(sum($(1)) !+ sum($(2))) =>
            sum($(1)) => 1
            sum($(2)) => 2
            (1 !+ 2)
        (1 !+ 2) => 3
        sum($(3 ! 4)) => (sum($(3)) !+ sum($(4)))
        (sum($(3)) !+ sum($(4))) =>
            sum($(3)) => 3
            sum($(4)) => 4
            (3 !+ 4)
        (3 !+ 4) => 7
        (3 !+ 7)
    (3 !+ 7) => 10
    sum($(5 ! 6 ! 7 ! 8)) => (sum($(5 ! 6)) !+ sum($(7 ! 8)))
    (sum($(5 ! 6)) !+ sum($(7 ! 8))) =>
        sum($(5 ! 6)) => (sum($(5)) !+ sum($(6)))
        (sum($(5)) !+ sum($(6))) =>
            sum($(5)) => 5
            sum($(6)) => 6
            (5 !+ 6)
        (5 !+ 6) => 11
        sum($(7 ! 8)) => (sum($(7)) !+ sum($(8)))
        (sum($(7)) !+ sum($(8))) =>
            sum($(7)) => 7
            sum($(8)) => 8
            (7 !+ 8)
        (7 !+ 8) => 15
        (11 !+ 15)
    (11 !+ 15) => 26
    (10 !+ 26)
(10 !+ 26) => 36

NOW WE LOOK AT THE TRACE OF THE SECOND SUM2. KEEP SCROLLING

sum($(1 ! 2 ! 3 ! 9 ! 5 ! 6 ! 7 ! 8)) => (sum($(1 ! 2 ! 3 ! 9)) !+ sum($(5 ! 6 ! 7 ! 8)))
(sum($(1 ! 2 ! 3 ! 9)) !+ sum($(5 ! 6 ! 7 ! 8))) =>
    sum($(1 ! 2 ! 3 ! 9)) => (sum($(1 ! 2)) !+ sum($(3 ! 9)))
    (sum($(1 ! 2)) !+ sum($(3 ! 9))) =>
        sum($(1 ! 2)) => (sum($(1)) !+ sum($(2)))
        (sum($(1)) !+ sum($(2))) =>
            sum($(1)) => 1
            sum($(2)) => 2
            (1 !+ 2)
        (1 !+ 2) => 3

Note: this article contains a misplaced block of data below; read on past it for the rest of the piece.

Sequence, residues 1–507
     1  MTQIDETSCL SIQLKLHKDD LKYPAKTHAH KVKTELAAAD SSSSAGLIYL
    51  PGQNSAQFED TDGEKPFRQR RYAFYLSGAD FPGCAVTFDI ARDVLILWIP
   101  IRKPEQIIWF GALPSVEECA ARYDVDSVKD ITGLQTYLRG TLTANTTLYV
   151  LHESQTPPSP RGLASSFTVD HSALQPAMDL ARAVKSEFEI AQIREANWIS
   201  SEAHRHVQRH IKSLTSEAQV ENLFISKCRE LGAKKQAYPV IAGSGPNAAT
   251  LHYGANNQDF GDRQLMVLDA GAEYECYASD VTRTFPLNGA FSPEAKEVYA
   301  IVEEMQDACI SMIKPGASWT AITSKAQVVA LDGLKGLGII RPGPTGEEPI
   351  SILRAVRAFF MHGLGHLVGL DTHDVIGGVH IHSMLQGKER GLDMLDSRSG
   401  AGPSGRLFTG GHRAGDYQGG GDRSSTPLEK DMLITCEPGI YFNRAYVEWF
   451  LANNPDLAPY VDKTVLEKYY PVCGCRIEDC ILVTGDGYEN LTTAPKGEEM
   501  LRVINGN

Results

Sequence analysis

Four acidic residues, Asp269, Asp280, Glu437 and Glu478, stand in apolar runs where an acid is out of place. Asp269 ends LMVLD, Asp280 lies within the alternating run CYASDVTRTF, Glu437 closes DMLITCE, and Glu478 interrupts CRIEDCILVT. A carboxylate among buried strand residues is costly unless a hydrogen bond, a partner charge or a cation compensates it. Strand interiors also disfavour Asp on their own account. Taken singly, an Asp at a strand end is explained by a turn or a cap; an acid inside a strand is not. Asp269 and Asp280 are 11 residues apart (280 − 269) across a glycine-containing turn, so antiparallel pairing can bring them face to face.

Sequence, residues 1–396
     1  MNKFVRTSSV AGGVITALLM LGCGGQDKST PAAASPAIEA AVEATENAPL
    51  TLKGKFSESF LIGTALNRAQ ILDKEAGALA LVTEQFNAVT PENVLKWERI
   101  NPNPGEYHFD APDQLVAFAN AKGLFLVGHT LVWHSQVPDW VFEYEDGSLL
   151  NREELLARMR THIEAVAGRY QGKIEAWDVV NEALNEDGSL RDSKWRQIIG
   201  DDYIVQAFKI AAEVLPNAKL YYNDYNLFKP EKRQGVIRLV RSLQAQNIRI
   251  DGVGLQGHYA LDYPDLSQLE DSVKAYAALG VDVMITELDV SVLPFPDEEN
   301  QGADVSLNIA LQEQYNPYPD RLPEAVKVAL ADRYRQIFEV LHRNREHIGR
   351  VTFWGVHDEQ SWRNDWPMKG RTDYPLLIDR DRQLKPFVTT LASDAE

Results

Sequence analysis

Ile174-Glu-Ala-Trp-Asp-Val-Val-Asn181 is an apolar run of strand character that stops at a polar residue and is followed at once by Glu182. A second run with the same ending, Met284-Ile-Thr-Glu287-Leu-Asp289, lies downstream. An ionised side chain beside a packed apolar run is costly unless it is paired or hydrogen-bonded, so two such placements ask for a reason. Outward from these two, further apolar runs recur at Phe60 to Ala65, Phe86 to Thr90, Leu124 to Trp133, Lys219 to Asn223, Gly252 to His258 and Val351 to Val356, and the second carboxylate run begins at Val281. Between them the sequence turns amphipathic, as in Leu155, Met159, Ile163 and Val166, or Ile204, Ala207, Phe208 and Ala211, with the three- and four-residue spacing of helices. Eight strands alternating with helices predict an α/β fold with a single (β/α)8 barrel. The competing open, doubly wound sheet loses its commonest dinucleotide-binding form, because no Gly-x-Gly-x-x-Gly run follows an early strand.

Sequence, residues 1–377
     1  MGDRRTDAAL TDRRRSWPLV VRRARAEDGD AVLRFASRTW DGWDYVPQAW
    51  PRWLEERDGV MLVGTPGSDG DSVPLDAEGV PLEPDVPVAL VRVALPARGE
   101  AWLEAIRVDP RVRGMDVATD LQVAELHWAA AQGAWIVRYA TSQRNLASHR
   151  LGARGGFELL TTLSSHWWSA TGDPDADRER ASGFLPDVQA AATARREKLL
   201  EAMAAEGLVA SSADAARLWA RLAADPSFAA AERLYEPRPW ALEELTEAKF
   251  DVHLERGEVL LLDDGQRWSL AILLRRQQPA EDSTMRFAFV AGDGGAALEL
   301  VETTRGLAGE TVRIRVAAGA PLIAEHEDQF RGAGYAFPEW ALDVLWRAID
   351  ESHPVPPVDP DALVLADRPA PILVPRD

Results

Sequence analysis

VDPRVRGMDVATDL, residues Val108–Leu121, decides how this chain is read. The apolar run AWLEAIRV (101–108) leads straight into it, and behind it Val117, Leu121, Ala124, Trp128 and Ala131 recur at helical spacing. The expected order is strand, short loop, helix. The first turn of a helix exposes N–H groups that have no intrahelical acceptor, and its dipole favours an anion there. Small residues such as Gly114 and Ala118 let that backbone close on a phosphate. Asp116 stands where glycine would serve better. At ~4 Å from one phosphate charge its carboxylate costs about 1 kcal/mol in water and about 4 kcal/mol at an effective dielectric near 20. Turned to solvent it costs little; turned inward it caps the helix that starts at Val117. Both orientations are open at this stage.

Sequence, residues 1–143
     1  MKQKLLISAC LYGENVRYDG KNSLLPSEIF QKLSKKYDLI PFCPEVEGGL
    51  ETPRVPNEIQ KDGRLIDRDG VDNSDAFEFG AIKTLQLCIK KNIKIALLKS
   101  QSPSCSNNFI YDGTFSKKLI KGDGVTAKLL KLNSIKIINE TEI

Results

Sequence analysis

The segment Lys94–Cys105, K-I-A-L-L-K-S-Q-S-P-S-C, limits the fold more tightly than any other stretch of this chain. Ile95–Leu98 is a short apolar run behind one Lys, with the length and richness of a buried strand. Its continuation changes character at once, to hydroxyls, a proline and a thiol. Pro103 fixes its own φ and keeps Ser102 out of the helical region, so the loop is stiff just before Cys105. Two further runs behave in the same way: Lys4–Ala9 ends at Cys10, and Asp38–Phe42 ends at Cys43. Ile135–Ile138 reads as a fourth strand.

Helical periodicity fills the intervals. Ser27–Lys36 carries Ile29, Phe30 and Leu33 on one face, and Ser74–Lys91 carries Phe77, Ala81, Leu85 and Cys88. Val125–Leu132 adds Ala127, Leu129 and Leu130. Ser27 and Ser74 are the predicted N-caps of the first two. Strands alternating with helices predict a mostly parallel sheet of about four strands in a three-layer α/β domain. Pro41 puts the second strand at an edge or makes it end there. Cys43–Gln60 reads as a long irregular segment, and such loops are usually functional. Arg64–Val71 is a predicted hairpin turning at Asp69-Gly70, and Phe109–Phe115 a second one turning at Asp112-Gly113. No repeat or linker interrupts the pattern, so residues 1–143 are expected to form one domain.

sum($(3 ! 9)) => (sum($(3)) !+ sum($(9)))
        (sum($(3)) !+ sum($(9))) =>
            sum($(3)) => 3
            sum($(9)) => 9
            (3 !+ 9)
        (3 !+ 9) => 12
        (3 !+ 12)
    (3 !+ 12) => 15
    sum($(5 ! 6 ! 7 ! 8)) => (sum($(5 ! 6)) !+ sum($(7 ! 8)))
    (sum($(5 ! 6)) !+ sum($(7 ! 8))) =>
        sum($(5 ! 6)) => (sum($(5)) !+ sum($(6)))
        (sum($(5)) !+ sum($(6))) =>
            sum($(5)) => 5
            sum($(6)) => 6
            (5 !+ 6)
        (5 !+ 6) => 11
        sum($(7 ! 8)) => (sum($(7)) !+ sum($(8)))
        (sum($(7)) !+ sum($(8))) =>
            sum($(7)) => 7
            sum($(8)) => 8
            (7 !+ 8)
        (7 !+ 8) => 15
        (11 !+ 15)
    (11 !+ 15) => 26
    (15 !+ 26)
(15 !+ 26) => 41

DID YOU NOTICE ANY DIFFERENCE BETWEEN THE TWO?

Of course you did! But did you also notice that there were some (sub)sums shared between sum1 and sum2?

Most notably the memoization of (sub)sum of 5 ! 6 ! 7 ! 8 was re-used. That's almost half of the sum. Of course, this is no coincidence. Indeed, it can be proven that - if only 1 element in a number sequence is changed - we only need to do O(log(n)) extra work to re-calculate its sum.

Conclusion

For now, I'm done explaining the basics of SPREAD. I hope that you liked it.

So what's next?

Probably the coming two months I'll spend writing a formal paper on SplitHash. After that I'm planning to implement some radical new database technology on top of SPREAD:

SPREAD: A database like Datomic but then with spreadsheet like capabilities!

Oh yeah, and SPREAD finally supersedes the Enchilada Programming Language.


Copyright 2016: Robbert van Dalen